Thursday, August 9, 2007

PlanetQuest Update

Another update from Dr. Laurance Doyle on the status of the PlanetQuest group:

...Our lack of progress at the moment is a funding issue which we feel could be solved if we can get initial funding to a point where we can finish the alpha test version of the software and thereafter sign folks up to be supporting-founding members of PlanetQuest.

We do have sufficient astronomical data (stellar light curves) at present for a thorough test of the system and could accommodate perhaps up to 100,000 users for a year. This was previously my main concern. We have also carried the problem through from data acquisition to light curve model fitting (the transit detection algorithm) and therefore see no technical issues in the way of proceeding.

Most of our personnel, however, are also extremely busy people working in other businesses and on other projects, and so PlanetQuest has not received the attention lately that it needs to move forward as quickly as it could, because it is largely (although not entirely) a volunteer project at this point.

I would like to see it take off this year-that is, that we are able to release an alpha version of the Collaboratory and start to post key parts of our educational web site on a daily basis. I am involved in fund raising for PlanetQuest at present, and also writing a comprehensive business plan.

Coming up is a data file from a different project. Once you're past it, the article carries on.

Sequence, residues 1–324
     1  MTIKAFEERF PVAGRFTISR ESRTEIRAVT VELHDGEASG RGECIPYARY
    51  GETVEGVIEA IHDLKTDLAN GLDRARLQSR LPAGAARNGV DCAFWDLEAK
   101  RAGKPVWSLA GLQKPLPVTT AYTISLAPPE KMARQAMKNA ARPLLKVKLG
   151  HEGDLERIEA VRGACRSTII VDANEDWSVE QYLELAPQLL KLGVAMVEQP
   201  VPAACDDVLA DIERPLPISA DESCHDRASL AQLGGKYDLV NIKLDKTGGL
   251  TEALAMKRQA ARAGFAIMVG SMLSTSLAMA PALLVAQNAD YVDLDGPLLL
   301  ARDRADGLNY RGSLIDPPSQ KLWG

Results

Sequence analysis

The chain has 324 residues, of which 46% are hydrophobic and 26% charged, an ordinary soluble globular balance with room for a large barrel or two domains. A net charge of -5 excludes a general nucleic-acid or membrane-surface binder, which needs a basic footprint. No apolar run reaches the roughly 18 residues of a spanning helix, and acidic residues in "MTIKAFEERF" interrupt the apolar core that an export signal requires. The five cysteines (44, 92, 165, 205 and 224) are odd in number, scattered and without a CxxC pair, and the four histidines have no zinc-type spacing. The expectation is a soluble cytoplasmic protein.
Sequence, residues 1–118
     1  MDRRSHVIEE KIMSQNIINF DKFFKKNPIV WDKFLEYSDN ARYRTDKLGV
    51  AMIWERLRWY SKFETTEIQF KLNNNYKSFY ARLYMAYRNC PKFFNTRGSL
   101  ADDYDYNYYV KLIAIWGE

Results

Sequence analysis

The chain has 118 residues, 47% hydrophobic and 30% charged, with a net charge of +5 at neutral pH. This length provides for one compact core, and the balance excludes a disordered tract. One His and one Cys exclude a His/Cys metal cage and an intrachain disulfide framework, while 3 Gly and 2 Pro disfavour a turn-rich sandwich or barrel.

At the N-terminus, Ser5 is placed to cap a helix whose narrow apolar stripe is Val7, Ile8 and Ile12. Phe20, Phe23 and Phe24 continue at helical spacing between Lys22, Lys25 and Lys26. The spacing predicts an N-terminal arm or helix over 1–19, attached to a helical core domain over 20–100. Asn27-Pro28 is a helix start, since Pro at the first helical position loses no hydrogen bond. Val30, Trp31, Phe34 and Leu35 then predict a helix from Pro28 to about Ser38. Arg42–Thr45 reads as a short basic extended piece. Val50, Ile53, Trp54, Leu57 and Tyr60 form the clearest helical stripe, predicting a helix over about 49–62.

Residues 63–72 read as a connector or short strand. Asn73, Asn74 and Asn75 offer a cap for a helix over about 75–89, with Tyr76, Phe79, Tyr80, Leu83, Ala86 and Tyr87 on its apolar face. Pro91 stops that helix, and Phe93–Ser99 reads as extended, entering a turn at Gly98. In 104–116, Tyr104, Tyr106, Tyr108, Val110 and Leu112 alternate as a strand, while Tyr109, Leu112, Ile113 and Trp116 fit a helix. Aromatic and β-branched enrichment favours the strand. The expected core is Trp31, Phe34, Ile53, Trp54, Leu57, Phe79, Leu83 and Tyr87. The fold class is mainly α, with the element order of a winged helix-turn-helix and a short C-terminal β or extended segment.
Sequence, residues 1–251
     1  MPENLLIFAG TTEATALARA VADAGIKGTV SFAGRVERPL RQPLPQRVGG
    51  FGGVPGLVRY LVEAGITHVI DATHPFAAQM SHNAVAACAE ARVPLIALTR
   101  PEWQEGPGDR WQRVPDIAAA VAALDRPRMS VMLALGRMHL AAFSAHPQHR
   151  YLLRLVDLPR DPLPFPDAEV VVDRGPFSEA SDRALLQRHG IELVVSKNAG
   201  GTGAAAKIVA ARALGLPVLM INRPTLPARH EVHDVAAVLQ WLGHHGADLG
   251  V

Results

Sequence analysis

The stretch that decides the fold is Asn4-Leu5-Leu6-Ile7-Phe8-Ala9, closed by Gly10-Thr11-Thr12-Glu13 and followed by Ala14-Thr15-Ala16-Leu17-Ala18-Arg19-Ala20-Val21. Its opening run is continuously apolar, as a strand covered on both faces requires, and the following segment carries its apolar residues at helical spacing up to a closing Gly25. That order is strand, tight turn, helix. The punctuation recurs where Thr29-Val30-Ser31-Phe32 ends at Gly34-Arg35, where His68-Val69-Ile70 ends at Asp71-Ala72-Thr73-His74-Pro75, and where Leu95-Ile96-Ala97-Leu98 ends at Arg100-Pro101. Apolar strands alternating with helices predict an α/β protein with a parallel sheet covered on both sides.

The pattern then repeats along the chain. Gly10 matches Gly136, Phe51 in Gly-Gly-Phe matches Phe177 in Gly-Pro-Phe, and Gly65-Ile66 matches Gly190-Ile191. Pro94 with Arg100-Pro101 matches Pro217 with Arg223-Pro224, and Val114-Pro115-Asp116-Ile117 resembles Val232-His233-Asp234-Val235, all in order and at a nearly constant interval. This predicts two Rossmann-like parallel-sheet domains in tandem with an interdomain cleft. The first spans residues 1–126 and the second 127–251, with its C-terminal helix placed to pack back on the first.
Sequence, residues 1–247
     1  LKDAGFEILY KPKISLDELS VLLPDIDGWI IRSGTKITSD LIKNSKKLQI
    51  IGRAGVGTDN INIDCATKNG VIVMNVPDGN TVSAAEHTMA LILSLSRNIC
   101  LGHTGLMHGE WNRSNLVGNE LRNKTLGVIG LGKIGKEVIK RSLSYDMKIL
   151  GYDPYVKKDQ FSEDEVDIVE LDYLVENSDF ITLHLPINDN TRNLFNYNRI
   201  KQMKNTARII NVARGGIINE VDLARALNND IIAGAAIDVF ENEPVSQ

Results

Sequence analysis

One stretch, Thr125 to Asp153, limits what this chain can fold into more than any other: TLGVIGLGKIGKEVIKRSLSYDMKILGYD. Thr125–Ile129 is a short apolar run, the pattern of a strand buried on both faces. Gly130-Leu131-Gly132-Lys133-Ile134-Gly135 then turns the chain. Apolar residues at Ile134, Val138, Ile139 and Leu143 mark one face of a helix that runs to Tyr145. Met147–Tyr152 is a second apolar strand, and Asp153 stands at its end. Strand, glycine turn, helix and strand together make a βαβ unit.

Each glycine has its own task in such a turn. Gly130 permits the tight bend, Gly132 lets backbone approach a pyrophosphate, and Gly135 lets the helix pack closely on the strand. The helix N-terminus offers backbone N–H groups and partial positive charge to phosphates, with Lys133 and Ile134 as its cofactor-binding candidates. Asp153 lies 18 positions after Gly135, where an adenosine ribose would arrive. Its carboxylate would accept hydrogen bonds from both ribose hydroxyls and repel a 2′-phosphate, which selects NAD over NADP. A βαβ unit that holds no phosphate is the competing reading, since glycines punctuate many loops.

The overall project in execution is quite complex, but the basic overview ideas are readily understandable. After about seven years now since the initial idea, we are still unique in offering a project like PlanetQuest (which surprises me a little). Computational speed (i.e., Moore's Law) has gone up over a factor of 25 in that time, so we have had to collect a lot more stellar data. Our team is ready to proceed, then, as soon as we can get support for the final phase of the programming...

PlanetQuest is a worthy project to allow desktop users (like me and you) to contribute to the search for extra-solar planets that may harbor life. But in order to get the software working and continue their science, they need money. I gave them some a while back, but they obviously still need more.

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